António Pena / Flickr

An unusual North Carolina Forest Service program has staff compete to collect tree seeds. After a fertile year, the service is touting the results.

This week, the WFAE Talks crew discusses stories making news that concern city politics, the environment and education.

Greg, Lisa and Ben discuss initial impressions of Mayor Dan Clodfelter, and public records related to former Mayor Patrick Cannon that won't be released for at least 60 days. Also on this week's podcast: Public outcry prompts Duke Energy to suspend a program in which tree roots were being injected with a chemical to stunt growth, and observations from a 3rd-grade class trying to meet the state's new reading requirement.

Charlotte Observer

Duke Energy has been the subject of a lot of criticism lately, and it’s not all about coal ash.

For the past month, Duke had workers apply a chemical to the roots of trees near power lines in Charlotte’s Myers Park, Dilworth and Sedgefield neighborhoods. Needless to say, many residents were quite upset.

This week, Duke responded to those concerns by suspending the program. But Duke plans to restart the program after the company retools its outreach efforts.

Flickr/Erik Cleves Kristensen

  A new report on tree canopy cover shows that Charlotte and Mecklenburg County both saw an increase in the percentage of land shaded by trees between 2008 and 2012.

Engineers will present the full results of the latest study before city council Monday night.

Flickr/Erik Cleves Kristensen

 For the last two years, as part of its ordinance, the city of Charlotte has given some developers the option of saving a portion of the trees on their property or to pay. The fund they pay into now has more than half-a-million dollars. And the city just made its first land purchase using some of that money.

A Trifling Place, Episode 6: When Cankerworms Attack

Feb 18, 2013
Tasnim Shamma

Welcome to "A Trifling Place," a podcast dedicated to exploring the ins-and-outs of Charlotte.  

In our last episode (Charlotte's Tree Obsession), we ended with this sound bite: "Die, cankerworm, die!" 

That's city arborist Donald McSween back in 2008 when WFAE's Lisa Miller followed him on his war against the cankerworms.

He also had some help: citizen soldiers like Sophia Hollingsworth. 

"We picked them off and didn’t feel bad at all about mooshing them because we felt it was one less cankerworm," Hollingsworth says. "And I don’t feel bad about any of them dying. It’s the canopy that Charlotte is known for and the trees are more important than the caterpillars. Hate the green monster."

Five years later, the fight against the inch-long creatures continues.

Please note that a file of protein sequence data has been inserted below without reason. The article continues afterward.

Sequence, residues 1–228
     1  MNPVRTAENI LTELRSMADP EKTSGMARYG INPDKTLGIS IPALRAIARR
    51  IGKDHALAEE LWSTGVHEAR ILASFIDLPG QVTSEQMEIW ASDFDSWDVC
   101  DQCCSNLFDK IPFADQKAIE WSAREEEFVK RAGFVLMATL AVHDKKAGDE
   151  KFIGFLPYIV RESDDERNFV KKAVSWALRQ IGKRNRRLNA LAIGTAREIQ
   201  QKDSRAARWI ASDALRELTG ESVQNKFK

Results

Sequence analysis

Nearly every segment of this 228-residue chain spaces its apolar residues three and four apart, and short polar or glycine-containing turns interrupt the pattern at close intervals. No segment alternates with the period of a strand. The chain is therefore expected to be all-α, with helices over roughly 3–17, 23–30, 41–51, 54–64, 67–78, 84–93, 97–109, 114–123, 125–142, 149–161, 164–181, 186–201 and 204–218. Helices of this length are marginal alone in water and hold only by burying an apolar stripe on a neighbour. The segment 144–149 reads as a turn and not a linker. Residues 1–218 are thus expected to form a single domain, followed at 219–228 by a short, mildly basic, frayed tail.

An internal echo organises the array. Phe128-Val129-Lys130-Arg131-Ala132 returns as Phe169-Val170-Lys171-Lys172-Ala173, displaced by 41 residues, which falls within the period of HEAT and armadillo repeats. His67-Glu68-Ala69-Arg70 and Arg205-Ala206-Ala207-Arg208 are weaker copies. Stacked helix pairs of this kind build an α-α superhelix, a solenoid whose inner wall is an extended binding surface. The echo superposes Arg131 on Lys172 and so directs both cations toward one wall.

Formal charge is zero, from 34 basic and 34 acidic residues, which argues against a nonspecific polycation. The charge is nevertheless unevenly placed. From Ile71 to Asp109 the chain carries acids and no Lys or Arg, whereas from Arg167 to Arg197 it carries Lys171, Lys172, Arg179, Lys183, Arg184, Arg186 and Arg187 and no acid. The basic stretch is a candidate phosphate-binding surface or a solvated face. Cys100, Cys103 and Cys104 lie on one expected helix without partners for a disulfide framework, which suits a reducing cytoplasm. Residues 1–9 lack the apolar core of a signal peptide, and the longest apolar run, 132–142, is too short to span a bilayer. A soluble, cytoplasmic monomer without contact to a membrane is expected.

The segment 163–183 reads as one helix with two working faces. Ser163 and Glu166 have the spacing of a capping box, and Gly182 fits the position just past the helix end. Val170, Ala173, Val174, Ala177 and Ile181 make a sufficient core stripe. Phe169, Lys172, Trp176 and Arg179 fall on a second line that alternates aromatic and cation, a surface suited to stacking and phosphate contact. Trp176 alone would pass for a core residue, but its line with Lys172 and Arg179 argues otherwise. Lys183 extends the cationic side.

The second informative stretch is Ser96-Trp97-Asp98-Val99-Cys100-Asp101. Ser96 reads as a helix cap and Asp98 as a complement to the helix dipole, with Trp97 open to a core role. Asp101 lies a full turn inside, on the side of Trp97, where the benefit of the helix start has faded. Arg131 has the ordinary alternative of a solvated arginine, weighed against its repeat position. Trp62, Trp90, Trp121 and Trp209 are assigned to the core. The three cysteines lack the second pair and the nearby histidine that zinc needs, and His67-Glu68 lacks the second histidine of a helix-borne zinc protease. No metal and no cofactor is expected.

By The Numbers: Charlotte's Trees

Feb 5, 2013
Tasnim Shamma
  • 49: Percent of tree canopy lost between 1995 and 2008
  • One: Public tree for every seven residents
  • $11.83: Amount spent per person on its street trees
  • 215: Tree species in the city's inventory. Predominant tree species are willow oak and crapemyrtle
  • $166: Total benefits of an average street tree
  • 28: Million cubic feet of stormwater intercepted annually 
  • $2.1: Million dollars in stormwater management savings

Episode 5: Charlotte's Tree Obsession

Feb 5, 2013
Flickr/Erik Cleves Kristensen

Welcome to "A Trifling Place," a podcast dedicated to exploring the ins-and-outs of Charlotte.

Of the seven cities I've lived and worked in, Charlotte has got to be most green. When you're getting ready for an airplane landing, it's like you're descending into a forest. Once you're on the ground, you quickly learn trees are a big part of the city's identity.

Greensboro Strikes Back Over Duke's Tree Trimming

Dec 20, 2012

Duke Energy has more than 90,000 miles of overhead power lines across the Carolinas, which makes for a lot of tree-trimming to keep the lines clear – and a lot of complaints about that trimming. In Greensboro, the typical frustration is shaping into a legal battle between Duke and the city.

"Vegetation management" is the technical term for it, but residents of several old neighborhoods near downtown Greensboro use other words.

"Duke Power came in and just clear-cut the area," said Jay James at a Tuesday night meeting of the Greensboro City Council.

Zen Sutherland/Flickr

A new North Carolina law that allows the state to override local tree-protection ordinances has resulted in the loss of several hundred trees that covered at least 50 acres near billboards in Charlotte, according to the city's arborist. 

How the legislation is implemented is still being determined by the state Department of Transportation. The process involves a public comment period that ends Friday.